MPs demand briefing over plans to make Ghana Card sole ID for voter registration
Minority caucus lawmakers of Ghana’s opposition National Democratic Congress (NDC) are insisting on a parliamentary hearing into the announcement a few months ago by the Ghana Electoral Commission (EC) that the national biometric ID, the Ghana Card, will be the only accepted ID credential for upcoming voter registration, excluding the existing biometric voter ID cards.
As GhanaWeb reports, the caucus members are calling on EC authorities as well as those of the National Identification Authority (NIA) to be summoned to parliament to explain their plans which have, for the most part, sparked discontent among Ghanaians.
For now, the eligible credentials for voter registration in Ghana are a passport, a Ghana Card, or an existing Voter Card. But the EC wants the electoral law revised to make the Ghana Card the sole ID, going forward.
Haruna Idrissu, the leader of the minority caucus, is quoted as recently questioning why the EC is relying on the NIA for its biometric data whereas the Electoral Commission has its own biometric database which can be used to register voters, without necessarily using the Ghana Card.
The official also said there is a mismatch between figures of voter data presented by the EC and the NIA, adding that clarifications have to be made on the issue.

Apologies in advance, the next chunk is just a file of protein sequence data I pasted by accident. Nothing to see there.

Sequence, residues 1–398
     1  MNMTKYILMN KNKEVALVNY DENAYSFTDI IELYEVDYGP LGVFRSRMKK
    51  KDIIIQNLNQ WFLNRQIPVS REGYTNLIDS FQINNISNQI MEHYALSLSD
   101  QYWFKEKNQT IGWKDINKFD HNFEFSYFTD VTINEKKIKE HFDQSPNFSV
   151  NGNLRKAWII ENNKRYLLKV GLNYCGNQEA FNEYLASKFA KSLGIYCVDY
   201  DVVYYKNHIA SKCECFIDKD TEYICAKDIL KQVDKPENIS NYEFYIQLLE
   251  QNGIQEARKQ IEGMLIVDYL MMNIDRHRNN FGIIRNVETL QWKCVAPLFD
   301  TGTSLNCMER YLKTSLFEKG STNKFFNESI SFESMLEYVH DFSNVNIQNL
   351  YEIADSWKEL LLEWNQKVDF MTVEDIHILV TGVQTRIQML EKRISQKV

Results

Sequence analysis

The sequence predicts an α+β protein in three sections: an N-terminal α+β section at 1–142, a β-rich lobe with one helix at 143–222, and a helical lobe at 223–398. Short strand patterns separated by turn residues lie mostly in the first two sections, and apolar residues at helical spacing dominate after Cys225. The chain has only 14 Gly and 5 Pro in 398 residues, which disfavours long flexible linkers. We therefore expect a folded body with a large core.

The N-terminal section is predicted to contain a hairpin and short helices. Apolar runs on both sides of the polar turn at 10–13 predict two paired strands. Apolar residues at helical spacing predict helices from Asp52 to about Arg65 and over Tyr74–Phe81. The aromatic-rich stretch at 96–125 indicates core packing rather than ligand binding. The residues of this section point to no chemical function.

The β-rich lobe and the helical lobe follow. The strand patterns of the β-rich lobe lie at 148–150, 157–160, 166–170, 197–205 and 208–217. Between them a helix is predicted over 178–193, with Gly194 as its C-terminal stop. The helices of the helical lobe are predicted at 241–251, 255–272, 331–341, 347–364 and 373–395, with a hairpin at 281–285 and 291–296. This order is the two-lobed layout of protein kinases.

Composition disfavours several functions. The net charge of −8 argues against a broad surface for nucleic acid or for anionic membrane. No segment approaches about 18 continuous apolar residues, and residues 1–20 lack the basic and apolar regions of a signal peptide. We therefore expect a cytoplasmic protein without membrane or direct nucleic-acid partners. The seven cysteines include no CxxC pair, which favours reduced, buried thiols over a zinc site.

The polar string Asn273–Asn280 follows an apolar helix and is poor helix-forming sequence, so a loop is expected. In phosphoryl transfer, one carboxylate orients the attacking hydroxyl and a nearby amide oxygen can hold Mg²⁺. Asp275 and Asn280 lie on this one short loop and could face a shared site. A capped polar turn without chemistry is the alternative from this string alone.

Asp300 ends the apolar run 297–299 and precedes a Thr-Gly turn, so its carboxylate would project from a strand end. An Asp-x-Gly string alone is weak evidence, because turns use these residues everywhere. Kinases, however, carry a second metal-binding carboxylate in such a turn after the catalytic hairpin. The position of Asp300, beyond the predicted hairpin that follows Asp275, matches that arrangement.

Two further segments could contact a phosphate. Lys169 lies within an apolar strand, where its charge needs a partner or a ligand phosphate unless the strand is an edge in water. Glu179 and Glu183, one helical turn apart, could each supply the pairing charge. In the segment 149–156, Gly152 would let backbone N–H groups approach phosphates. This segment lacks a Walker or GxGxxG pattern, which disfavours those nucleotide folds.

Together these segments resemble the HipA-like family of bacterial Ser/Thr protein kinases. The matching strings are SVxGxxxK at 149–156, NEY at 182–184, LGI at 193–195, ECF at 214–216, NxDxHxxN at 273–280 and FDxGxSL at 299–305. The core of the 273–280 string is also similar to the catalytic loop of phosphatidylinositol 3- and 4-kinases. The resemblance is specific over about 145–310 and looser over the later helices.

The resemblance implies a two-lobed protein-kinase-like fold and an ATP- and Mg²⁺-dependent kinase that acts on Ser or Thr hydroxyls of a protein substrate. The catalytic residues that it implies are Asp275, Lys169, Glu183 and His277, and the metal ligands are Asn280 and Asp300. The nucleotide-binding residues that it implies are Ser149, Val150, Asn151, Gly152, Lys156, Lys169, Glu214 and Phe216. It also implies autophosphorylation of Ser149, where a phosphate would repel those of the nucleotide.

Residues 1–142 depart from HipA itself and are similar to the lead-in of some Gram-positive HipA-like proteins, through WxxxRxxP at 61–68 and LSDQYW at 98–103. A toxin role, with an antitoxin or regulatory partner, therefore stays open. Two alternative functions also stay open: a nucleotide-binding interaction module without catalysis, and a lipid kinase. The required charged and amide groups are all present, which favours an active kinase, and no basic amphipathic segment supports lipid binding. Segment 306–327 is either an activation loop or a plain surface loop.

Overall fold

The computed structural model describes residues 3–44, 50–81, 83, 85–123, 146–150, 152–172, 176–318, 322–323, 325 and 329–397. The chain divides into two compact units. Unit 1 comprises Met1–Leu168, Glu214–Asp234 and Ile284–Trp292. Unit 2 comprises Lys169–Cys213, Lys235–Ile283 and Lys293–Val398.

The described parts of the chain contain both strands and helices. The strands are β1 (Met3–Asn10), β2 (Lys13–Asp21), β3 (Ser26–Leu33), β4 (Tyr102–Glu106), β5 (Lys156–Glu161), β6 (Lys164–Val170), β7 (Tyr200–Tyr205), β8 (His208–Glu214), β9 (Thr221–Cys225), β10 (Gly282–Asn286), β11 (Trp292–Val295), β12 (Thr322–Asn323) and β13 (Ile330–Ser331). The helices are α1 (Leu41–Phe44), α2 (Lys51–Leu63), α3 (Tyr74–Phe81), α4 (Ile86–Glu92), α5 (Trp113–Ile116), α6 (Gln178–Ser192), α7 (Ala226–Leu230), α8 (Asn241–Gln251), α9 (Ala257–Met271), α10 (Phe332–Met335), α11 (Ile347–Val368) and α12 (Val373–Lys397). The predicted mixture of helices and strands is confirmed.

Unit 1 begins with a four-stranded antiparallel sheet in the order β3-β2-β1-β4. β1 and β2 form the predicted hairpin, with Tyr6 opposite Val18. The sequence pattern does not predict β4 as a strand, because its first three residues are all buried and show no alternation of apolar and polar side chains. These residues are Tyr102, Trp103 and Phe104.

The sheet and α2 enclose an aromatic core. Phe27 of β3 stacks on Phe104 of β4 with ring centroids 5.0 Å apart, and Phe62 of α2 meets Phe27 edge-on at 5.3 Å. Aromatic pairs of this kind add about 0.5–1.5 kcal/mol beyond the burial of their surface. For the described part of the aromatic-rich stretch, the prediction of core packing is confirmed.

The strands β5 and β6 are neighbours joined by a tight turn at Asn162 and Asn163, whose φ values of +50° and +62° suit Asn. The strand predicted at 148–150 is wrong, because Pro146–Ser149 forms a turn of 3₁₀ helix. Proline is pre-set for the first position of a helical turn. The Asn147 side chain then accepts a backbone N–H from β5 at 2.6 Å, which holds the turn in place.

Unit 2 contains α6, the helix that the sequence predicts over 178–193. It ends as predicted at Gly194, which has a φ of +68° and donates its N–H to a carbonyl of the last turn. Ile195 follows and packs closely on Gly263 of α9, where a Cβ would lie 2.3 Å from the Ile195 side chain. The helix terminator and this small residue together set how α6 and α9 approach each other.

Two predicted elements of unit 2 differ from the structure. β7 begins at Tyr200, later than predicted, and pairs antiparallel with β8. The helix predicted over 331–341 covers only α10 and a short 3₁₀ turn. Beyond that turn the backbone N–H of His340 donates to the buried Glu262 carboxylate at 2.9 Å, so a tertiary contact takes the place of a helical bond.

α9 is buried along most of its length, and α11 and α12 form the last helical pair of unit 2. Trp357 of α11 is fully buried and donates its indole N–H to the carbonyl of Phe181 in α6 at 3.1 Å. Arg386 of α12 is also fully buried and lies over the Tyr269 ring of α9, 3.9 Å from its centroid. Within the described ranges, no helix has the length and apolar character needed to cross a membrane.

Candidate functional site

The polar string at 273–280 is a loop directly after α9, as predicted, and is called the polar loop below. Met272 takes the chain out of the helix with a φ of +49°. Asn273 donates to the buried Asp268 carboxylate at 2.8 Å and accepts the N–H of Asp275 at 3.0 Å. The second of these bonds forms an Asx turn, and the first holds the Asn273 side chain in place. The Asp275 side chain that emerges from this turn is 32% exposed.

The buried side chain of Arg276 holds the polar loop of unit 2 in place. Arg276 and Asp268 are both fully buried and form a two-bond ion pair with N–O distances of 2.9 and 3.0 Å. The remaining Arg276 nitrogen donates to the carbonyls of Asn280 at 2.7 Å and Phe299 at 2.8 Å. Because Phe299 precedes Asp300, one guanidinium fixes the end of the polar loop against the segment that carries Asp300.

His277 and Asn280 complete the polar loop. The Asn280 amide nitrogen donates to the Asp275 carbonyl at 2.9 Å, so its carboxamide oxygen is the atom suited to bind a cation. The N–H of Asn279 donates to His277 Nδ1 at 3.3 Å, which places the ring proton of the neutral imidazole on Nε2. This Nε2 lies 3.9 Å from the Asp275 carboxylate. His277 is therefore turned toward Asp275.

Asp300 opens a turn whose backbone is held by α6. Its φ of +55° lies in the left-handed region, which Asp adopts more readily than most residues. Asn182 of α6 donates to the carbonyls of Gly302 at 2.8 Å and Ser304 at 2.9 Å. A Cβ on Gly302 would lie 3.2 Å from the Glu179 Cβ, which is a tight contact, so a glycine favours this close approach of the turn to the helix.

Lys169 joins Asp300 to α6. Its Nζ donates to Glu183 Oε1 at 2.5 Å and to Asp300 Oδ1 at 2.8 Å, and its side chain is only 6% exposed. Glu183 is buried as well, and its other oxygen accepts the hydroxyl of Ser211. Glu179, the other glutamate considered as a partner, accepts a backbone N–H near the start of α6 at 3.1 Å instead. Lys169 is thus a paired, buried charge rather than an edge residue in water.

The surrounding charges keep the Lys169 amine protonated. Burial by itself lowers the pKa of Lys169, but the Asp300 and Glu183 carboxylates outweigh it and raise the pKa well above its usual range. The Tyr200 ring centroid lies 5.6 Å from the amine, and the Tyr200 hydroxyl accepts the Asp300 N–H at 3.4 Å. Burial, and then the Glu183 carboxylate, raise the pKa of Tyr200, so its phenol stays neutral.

“Let us see the discrepancy and variance in your numbers because we will not accept any attempt by the electoral Commission to disenfranchise any Ghanaian because they want to rely on an ID card which is not available to Ghanaians,” said Idrissu on the floor of the house recently, as quoted by GhanaWeb in another report.
Concerns over the planned use of the Ghana Card as the only ID document for voter registration has been widely criticized, with many saying the move will disenfranchise millions of citizens who have not yet been issued the ID. The Ghana Card woes have been an issue of parliamentary debate in the past.
The point of anger, according to many local reports, is that the issuance of the Ghana Card is a process that is slow and beset by a litany of irregularities, and not all Ghanaians who have attained legal voting age hold the credential.
In the past months, Ghanaians have also not found it easy meeting a government directive to have their SIM cards registered biometrically, largely because of lack of a Ghana Card, which is also the only ID required for the purpose.
Ghana’s government is progressively and compulsorily linking the Ghana Card to many public services, but this is unfortunately not matched with the delivery speed of the ID, some citizens say.
Ghana has general elections coming in 2024, with a continuous biometric voter registration exercise slated for next year.